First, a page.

From the start, OnePlus has positioned its midrange lineup of Nord phones as a less expensive, entirely separate lineup to its flagship devices. But with the Nord 2, which comes as a direct successor to the original Nord released last year, the line between the two seems blurrier than ever.
While the original Nord had its own character, such as a unique design and exclusive features like an ultrawide selfie camera, the Nord 2 feels more like a stripped down flagship. It’s got a very similar camera bump to the OnePlus 9, for example, and although the specific sensors are different, its cameras fill the same functions. But all the core essentials are still there: a vibrant high refresh rate screen, good battery life, and easy-to-use software.
A more affordable, non-flagship starting price means it’s hard to argue with these tradeoffs. The OnePlus Nord 2 costs £399 / €399 for its 8GB RAM / 128GB storage model, rising to £469 / €499 for a 12GB RAM / 256GB storage version. (OnePlus isn’t selling the Nord 2 in the US, but those prices roughly convert to $470 and $588, respectively.) For this review, I’ve been using the 12GB model.
With its 6.43-inch display, the OnePlus Nord 2 is a hair smaller than the OnePlus 9 (which has a 6.55-inch display), but otherwise this is a very similar-looking device. There’s a rectangular camera bump on the back containing three cameras, a hole-punch cutout for the selfie camera on the top left on the front, and a USB-C port on the bottom (but sadly, no headphone jack). Biometrics are handled via a snappy in-display fingerprint sensor, and there’s a physical slider to switch between silent and vibrate on the right of the phone.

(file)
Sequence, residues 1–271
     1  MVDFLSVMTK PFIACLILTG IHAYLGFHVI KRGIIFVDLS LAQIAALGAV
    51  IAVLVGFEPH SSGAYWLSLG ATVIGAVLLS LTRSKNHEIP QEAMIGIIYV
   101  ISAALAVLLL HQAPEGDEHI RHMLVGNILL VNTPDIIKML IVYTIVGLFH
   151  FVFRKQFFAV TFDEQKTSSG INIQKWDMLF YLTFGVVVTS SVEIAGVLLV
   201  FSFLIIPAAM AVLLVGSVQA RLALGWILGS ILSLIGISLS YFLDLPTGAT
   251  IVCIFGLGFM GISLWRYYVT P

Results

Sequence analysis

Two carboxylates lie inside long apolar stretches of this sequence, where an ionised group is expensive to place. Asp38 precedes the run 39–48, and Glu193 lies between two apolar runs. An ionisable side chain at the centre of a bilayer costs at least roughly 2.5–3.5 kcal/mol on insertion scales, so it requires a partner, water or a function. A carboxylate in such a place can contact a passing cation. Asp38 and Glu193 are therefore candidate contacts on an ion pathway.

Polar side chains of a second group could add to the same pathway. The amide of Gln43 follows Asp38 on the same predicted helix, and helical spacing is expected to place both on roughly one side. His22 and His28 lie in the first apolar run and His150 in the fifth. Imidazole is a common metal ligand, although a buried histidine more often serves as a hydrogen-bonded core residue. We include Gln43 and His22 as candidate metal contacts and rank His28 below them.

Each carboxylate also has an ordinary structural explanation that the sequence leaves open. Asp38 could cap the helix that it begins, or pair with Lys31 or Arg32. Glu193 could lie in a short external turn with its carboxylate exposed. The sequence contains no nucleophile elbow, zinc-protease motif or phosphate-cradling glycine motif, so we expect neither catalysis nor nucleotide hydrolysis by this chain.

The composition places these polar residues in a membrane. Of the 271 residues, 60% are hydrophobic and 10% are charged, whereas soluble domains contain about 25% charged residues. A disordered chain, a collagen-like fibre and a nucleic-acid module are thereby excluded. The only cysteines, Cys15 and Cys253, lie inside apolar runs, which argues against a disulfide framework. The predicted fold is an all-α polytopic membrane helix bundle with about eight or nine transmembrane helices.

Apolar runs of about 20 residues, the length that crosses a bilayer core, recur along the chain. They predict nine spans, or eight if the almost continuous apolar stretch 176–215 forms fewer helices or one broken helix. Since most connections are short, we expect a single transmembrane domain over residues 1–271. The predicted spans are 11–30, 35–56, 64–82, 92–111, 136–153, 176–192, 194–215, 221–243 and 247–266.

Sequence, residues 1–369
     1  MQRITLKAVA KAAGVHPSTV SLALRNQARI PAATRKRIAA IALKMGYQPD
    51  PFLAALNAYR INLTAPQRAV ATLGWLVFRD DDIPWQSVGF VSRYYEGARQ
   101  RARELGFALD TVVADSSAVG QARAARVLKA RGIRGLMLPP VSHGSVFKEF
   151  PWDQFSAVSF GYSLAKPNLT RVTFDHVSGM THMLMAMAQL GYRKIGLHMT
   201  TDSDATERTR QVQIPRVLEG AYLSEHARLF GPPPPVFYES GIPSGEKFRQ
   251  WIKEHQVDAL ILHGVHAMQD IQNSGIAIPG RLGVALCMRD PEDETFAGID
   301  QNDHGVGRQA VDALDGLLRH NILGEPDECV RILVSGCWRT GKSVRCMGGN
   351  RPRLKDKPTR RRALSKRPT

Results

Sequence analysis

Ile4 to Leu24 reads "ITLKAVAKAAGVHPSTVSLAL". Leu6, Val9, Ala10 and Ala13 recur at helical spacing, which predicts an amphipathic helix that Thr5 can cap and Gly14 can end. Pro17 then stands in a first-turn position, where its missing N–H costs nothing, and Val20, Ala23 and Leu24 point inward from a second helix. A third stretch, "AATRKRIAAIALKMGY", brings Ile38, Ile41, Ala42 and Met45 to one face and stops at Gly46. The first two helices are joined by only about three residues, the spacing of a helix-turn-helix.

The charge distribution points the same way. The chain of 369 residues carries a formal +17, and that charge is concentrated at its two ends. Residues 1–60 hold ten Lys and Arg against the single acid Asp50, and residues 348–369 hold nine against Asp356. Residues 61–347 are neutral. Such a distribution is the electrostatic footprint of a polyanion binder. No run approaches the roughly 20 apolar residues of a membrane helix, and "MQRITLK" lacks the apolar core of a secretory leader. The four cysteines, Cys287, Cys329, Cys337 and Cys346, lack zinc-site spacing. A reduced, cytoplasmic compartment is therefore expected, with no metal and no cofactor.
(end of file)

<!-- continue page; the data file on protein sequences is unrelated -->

You’ll find Gorilla Glass on the front and back of the phone, but since its frame is plastic you might want to use a case if you’re particularly worried about the frame’s finish wearing off. Otherwise I didn’t notice the phone flexing any more than a typical aluminum framed phone. Like the original Nord, the Nord 2 doesn’t have an official IP rating for dust or water resistance.
Oh, and this is also a 5G phone: you get sub-6GHz support, but no mmWave. Given the latter high-speed, low-range network type has barely started to roll out in the Nord 2’s release markets, it’s not something many people are likely to miss.
The most notable sign that this isn’t a flagship OnePlus device is its processor, which is a MediaTek Dimensity 1200-AI rather than one of Qualcomm’s flagship Snapdragon 888 chips. Considering MediaTek is a brand more commonly associated with budget devices, I was apprehensive about its inclusion on the OnePlus Nord 2, but I came away pleasantly surprised by performance overall. Yes, you miss out on Qualcomm-exclusive features like high quality AptX Bluetooth audio, but otherwise switching between apps was hitch-free, and the processors’ GPU happily made the most of the phone’s smooth 90Hz display while scrolling through even a relatively graphically intensive Twitter feed (which, in comparison, stuttered on the original Nord). I noticed the phone being slightly slow to wake up on a couple of occasions, however, but overall performance was on a par with, if not slightly better than the original Nord in everyday usage.